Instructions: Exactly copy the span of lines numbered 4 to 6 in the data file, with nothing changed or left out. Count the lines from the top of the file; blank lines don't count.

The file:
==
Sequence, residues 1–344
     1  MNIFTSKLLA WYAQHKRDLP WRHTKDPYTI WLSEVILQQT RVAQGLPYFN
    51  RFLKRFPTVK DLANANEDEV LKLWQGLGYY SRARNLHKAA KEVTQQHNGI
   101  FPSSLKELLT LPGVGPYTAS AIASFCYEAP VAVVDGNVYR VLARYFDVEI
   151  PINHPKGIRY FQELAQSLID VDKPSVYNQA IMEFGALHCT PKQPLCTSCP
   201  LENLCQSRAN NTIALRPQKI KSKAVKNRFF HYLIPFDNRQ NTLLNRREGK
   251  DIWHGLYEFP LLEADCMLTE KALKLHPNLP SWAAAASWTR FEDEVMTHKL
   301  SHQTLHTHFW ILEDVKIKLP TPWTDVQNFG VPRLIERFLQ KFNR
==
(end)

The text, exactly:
   101  FPSSLKELLT LPGVGPYTAS AIASFCYEAP VAVVDGNVYR VLARYFDVEI
   151  PINHPKGIRY FQELAQSLID VDKPSVYNQA IMEFGALHCT PKQPLCTSCP
   201  LENLCQSRAN NTIALRPQKI KSKAVKNRFF HYLIPFDNRQ NTLLNRREGK